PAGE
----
In 2006, both Rossum and San Diego County were named as defedants in a wrongful death lawsuit filed by de Villers' family. A jury ordered Rossum to pay more than $100 million in punitive damages, while San Diego County was ordered to pay $1.5 million. The family had originally asked for $50 million in punitive damages, but jurors awarded double that amount after estimating Rossum could have made $60 million from selling the rights to her story.[9] John Gomez, the lawyer for the de Villers family, acknowledged that the family may never see the money, but wanted to make sure Rossum does not profit from her crime.[10] A judge later reduced the punitive damages award to $10 million, but allowed the $4.5 million compensatory award to stand.[11]

In September 2010, a three-judge panel of the 9th U.S. Circuit Court of Appeals ruled that Rossum's lawyers should have challenged the prosecution's assertion, by doing its own tests, that she poisoned her husband with fentanyl. The panel ordered a San Diego federal court to hold a hearing into whether the defense's error could have affected the trial's outcome.[12] On September 13, 2011, the U.S. Court of Appeals withdrew its opinion and replaced it with a one-paragraph statement that under a new Supreme Court precedent, Rossum's petition was denied.[13]

Following his termination by the San Diego medical examiner's office, Robertson returned to his home in Brisbane, Australia, ostensibly to care for his ailing mother. In September 2013, the San Diego Reader reported that, in 2006, prosecutors secretly filed a criminal complaint charging Robertson – who was named as an unindicted co-conspirator at Rossum's trial[14] – with one count of conspiracy to obstruct justice. If Robertson ever returns to the US for trial, he could face up to three years in prison.[15] As of 2014, Robertson is running a forensic consulting service in Brisbane.[16]

In 2017 Kristin attempted to kill herself by slashing her wrists. She was then sent to the psychiatric unit at the women's prison in Los Angeles. She is reportedly a heavy methamphetamine users and has been cited several times for meth use. Rumor has it she was distraught over a visit from her brother who brought his young child and since Kristin will never have kids of her own, she attempted to take her life. She has also maintained a long term love relationship with another inmate named Theresa.

In popular culture[edit]

Rossum was featured in episodes of true crime documentary series such as Oxygen's true crime series Snapped, E!'s Women Who Kill, truTV's The Investigators[17], and Investigation Discovery's Deadly Women, How (Not) To Kill Your Husband, and 50 Ways to Kill Your Lover. Her story was also featured on newsmagazines such as CBS's 48 Hours.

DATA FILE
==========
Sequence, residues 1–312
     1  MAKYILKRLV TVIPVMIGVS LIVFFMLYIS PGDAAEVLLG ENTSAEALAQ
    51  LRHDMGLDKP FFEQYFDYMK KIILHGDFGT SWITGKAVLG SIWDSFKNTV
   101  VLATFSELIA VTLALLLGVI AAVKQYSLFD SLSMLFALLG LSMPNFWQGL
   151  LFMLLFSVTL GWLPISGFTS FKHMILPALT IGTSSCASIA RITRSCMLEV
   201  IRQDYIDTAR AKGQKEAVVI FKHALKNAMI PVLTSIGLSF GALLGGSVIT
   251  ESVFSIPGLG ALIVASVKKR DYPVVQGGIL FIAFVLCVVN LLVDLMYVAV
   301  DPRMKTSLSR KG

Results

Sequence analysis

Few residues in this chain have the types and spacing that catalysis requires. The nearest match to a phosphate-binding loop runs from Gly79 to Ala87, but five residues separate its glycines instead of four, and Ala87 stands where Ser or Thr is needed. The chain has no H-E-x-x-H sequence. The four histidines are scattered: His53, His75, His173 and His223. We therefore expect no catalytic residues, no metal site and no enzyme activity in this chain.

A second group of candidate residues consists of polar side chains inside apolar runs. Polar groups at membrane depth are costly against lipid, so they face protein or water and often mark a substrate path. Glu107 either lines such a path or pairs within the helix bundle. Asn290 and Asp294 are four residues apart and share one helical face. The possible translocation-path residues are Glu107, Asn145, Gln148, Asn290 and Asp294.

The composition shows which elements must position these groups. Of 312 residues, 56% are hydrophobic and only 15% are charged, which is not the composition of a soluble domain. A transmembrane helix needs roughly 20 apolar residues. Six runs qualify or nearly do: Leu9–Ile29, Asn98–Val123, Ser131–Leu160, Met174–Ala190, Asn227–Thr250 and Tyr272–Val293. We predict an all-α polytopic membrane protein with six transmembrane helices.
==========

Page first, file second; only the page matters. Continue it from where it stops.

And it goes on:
Caitlin Rother, who was interviewed for each episode, wrote Poisoned Love, a book about the case: ISBN 0-7860-1714-7. Another book about Rossum was Deadly American Beauty by John Glatt: ISBN 0-312-98419-7.

References[edit]

  1. ^ "Toxicologist Found Guilty of Killing Husband". Los Angeles Times. Retrieved 22 August 2015.
  2. ^ "Poisoning Suspect Changes Lawyers". Los Angeles Times. Retrieved 22 August 2015.
  3. ^ "SignOnSanDiego.com > News > Metro > The Trial of Kristin Rossum -- Rossum gets life". San Diego Union-Tribune. Retrieved 22 August 2015.
  4. ^ Glatt, John (2007). Deadly American Beauty. Macmillan. pp. 15–16. ISBN 9781429904742.
  5. ^ "American Beauty". CBS News. 10 April 2002. Retrieved 22 August 2015.
  6. ^ "SignOnSanDiego.com > News > Metro > The Trial of Kristin Rossum -- Rossum's addiction cost everyone close to her". San Diego Union-Tribune. Retrieved 22 August 2015.
  7. ^ "The Rose Petal Murder". Crime Library
  8. ^ Caitlin Rother (January 5, 2002). "Wife in fatal poisoning case free on bail after 6 months". San Diego Union-Tribune. Retrieved August 22, 2015.
  9. ^ Millions of Dollars Awarded to Family of Man Killed by Toxicologist Wife. North County Times, 2006-03-21.
  10. ^ "Rossum unlikely to turn lurid crime tale into riches". SignOnSanDiego.com Archived 2008-09-29 at the Wayback Machine
  11. ^ "Judge cuts $90 million from Rossum murder verdict" SignOnSanDiego.com
  12. ^ "Kristin Rossum's murder conviction appeal revived" SignOnSanDiego.com
  13. ^ ""Rossum v. Patrick, USCA9 No. 09-55666"" (PDF).
  14. ^ "American Beauty Was It Murder Or Suicide?". CBS News. May 7, 2009. Retrieved 2012-10-20.
  15. ^ Rother, Caitlin. Arrest warrant issued for Kristin Rossum’s Australian lover. San Diego Reader, 2013-09-18.
  16. ^ http://www.heraldsun.com.au/news/law-order/exclusive-american-beauty-murderers-exlover-dr-michael-robertson-speaks-about-his-badenclay-trial-cameo/story-fni0ffnk-1226992255485?nk=0ec0f2562c81b9d187f696a9ee243432
  17. ^ "Pretty Poison" – via www.imdb.com.

External links[edit]